But what is Nigel talking about, anyway?

Too many long conversations
And no one is hearing a word

Which, by the way, is what happens when you release four albums with your name in the title, but whatever.

Just trying to escape the frustrations
Till a song in the night can be heard

Okay, I think I’m getting it.  So basically, when life is getting tedious and annoying, the best way to escape is to hear a song and … huh, the chorus is here already.  That was quick.

Put on your dancin’ shoes
Throw out those one night blues
Here’s one to love and to chance
For a spin on that wheel of romance

Here’s one what?  One night? One song? One woman? One man?  I guess we’re talking about the song, and this is the song in question.  But here’s where I start to have a problem.  Imagine you were looking at these lyrics all alone, without any accompanying music.  You’d think, okay, this song is clearly about cheering oneself up through the joy of dancing.  You’re not just forgetting the blues, you’re throwing ’em out, right?  It’s party time!  Oooh yeah! Put on your dancin’ shoes!  Take a spin on that wheel of romance!  (Sorry, I meant to warn you: shitty lyric alert.  Too late!)

Now, when I listen to the music … well, I don’t know about you, but this song does not make me want to put on my dancin’ shoes.  This song makes me want to do the exact opposite of putting on my dancin’ shoes. This song makes me want to find my dancin’ shoes and throw them at my 8-track player.  This song makes me want to curl up into the fetal position in the corner of my house and cry myself to sleep.  Holy crap, this is Mellow Gold!

But what the hell.  Let’s continue.

Too slow to unriddle all your problems

Did Nigel just call the guy retarded?

Too lonely for someone to care

Now this line, I’m totally feeling.  This song sounds like the kind of song someone really lonely sings over and over again, to the point where you’re like, “You know what? Be lonely. I’m going out to get laid.”

Long, lonely silence keeps haunting
Till the song in the night finds you there

That last line is just not redeeming enough for me to feel the happiness I want to feel when talking about putting on my dancin’ shoes.  I don’t think a line exists that could make me feel better after the lyrical death rattle of “long, lonely silence keeps haunting.”

But I digress. We get another chorus, the guitarist gets to do a bit of noodling, then we have a bridge of sorts that offers a shot at redemption.

A face like an angel, she’s waiting
She smiles and looks over at you
You yearn for this situation
Now finally your dreams have come true

Again, if you were to just read these lyrics and not actually listen to the song, you might think that this scenario is somewhat realistic: after two choruses of “put on your dancin’ shoes,” you would imagine that the shoes are on, they’ve been danced in, and now a lady is suddenly interested in this situation you’ve, uh, yearned for.  (Man, is that line awkward.)  However, in listening to the overall rhythm and feel of this song, the only condition I’m feeling is “pathetic.”  But I’m not supposed to feel anything else, really, am I?  Success is not a Mellow Gold theme.  Loneliness, desperation and maybe a slight twinge of begging thrown in for good measure: now those are Mellow Gold themes.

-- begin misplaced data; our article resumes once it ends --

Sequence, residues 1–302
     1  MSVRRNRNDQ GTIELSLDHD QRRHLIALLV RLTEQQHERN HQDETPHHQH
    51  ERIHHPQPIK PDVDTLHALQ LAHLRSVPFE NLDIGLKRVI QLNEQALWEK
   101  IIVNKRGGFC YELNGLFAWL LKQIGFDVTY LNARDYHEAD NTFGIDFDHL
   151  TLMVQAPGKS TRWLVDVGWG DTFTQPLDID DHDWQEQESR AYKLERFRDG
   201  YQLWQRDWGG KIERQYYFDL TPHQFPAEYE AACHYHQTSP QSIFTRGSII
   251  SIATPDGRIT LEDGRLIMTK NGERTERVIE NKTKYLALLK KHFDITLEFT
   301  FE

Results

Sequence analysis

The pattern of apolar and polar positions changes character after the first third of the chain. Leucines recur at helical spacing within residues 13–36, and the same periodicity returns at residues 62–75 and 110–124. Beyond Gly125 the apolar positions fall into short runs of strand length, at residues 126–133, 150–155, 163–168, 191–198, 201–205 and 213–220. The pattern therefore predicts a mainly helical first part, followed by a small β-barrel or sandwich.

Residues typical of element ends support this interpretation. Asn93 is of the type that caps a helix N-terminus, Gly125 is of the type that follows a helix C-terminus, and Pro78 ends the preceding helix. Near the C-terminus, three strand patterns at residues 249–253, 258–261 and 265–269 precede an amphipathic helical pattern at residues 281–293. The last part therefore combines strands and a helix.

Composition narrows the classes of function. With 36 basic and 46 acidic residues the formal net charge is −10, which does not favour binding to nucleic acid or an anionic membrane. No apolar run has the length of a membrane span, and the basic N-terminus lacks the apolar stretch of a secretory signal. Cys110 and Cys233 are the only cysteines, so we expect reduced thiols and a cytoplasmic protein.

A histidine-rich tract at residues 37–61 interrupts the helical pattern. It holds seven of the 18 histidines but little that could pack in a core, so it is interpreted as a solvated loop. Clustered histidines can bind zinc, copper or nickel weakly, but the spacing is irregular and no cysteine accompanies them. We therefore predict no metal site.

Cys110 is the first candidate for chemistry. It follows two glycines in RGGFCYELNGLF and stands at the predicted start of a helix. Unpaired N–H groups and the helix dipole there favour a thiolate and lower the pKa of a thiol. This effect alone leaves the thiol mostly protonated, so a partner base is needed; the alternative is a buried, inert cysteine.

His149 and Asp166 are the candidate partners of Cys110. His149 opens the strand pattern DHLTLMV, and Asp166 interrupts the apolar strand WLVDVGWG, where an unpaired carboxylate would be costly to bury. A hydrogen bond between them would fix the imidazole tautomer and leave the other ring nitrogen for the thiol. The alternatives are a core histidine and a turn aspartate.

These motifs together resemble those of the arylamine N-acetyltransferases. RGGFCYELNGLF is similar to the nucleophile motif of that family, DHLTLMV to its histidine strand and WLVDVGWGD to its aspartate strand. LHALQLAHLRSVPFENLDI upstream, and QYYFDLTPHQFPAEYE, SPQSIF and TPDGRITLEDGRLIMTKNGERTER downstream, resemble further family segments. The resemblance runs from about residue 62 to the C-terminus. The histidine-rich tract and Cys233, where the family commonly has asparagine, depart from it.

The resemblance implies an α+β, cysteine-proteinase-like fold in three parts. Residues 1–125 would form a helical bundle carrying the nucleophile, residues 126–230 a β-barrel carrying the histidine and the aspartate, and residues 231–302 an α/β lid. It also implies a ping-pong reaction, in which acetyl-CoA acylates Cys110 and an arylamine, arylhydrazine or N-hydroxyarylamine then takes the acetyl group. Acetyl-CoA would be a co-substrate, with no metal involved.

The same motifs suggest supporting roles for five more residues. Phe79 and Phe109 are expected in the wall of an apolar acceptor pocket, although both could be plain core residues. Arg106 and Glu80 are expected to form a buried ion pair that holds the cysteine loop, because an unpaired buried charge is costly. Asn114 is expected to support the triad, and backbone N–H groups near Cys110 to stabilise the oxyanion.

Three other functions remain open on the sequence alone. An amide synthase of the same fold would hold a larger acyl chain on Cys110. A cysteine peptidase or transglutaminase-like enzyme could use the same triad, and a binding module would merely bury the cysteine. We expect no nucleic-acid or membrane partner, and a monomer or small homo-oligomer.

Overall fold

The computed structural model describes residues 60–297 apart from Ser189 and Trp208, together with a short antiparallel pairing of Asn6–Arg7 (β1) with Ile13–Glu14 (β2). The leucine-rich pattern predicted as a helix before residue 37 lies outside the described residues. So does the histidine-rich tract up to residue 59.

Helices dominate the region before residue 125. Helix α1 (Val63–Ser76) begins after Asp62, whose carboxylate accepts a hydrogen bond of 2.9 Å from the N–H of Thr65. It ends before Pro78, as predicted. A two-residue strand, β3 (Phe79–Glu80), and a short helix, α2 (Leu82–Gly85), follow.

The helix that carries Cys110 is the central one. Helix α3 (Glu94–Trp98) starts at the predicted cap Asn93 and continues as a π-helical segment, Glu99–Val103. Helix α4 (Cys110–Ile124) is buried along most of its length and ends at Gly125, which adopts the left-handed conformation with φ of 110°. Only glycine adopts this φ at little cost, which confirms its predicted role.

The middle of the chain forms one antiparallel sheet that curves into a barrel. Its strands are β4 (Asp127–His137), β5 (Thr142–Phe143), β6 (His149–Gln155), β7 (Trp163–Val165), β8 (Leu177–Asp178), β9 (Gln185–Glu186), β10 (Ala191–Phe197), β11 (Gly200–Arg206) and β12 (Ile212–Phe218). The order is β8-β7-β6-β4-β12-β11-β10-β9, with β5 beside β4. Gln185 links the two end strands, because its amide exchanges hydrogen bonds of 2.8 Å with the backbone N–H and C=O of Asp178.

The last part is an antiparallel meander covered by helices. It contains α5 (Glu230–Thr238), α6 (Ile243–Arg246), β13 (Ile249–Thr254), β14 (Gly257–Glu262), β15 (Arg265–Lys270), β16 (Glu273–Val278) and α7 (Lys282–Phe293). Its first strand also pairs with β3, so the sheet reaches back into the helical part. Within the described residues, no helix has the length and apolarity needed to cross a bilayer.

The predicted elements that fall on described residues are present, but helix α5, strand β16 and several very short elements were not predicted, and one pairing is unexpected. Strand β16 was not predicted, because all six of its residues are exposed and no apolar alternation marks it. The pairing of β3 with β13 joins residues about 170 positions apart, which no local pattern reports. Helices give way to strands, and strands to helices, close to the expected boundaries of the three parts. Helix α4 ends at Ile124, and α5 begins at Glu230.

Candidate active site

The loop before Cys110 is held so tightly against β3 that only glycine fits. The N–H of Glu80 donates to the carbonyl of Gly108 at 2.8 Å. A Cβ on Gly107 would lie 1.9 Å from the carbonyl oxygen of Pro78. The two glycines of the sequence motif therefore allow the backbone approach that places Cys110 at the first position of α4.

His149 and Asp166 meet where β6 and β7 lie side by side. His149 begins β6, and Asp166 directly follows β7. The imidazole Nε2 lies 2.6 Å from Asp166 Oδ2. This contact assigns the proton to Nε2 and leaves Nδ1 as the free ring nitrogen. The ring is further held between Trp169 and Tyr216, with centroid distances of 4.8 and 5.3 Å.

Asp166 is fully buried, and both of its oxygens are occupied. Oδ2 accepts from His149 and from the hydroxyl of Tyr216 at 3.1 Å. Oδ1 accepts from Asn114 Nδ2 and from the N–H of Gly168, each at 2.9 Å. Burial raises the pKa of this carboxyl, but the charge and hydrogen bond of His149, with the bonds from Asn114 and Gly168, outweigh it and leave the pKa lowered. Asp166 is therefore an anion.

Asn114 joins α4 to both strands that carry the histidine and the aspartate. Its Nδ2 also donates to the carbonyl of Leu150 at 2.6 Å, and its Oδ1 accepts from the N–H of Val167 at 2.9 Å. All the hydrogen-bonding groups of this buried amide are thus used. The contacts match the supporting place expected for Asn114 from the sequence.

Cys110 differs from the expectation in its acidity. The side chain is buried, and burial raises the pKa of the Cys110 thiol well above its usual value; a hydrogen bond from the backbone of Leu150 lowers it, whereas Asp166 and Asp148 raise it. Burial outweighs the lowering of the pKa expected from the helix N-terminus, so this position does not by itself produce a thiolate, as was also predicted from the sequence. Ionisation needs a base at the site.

Nigel’s not really to blame, though.  He didn’t write the song.  The song was written by Carl Storie, who recorded the song with Faith Band in 1978.  I don’t know much about Faith Band.  I do know two things: one, they released a record entitled Excuse Me…I Just Cut An Album, which I think is awesome, and two, they released their version of “Dancin’ Shoes” on the exact same date as Olsson — December 16, 1978 — but their version only peaked at #54. You can hear the original version here as introduced by Music Mike. I take no responsibility for the still images displayed throughout the song.

Music Mike, uncomfortable on screen as he may be, is correct: both versions are pretty good, and actually, they’re not much different from one another. Olsson’s version is slightly more polished.  However, I’m giving the upper hand to Faith Band.  You know why?  Because Olsson’s version has a completely unnecessary truck driver’s gear change.  I think I know why he put it there, too: he wanted an opportunity to gift us with a completely useless drum fill, and the only way to justify it was with a key change at the end. And the minute I heard that fill, I just knew the key change was coming, which somehow makes it worse.  Like, I knew it was coming and I couldn’t do anything to stop it.  And it happens with barely 45 seconds left, of which 15 seconds are occupied by a fade-out; again, I’m convinced it was all for the drum fill.  I can’t imagine such a stroke of ego by someone who included his name in five out of six album releases.

Olsson did have one more hit reach the Top 40, and it was from the same album: “Little Bit of Soap” made it to #34.  I’m sure there are readers who remember “Little Bit of Soap.”  We thank you to keep it to yourselves.  I’ve had quite enough of Nigel and his so-called dancin’ shoes, thank you very much.

Ugh, this is what I brought this series back for?  Hopefully we’ll find a better song in the weeks to come.  Keep your fingers crossed, and until then, stay neutered!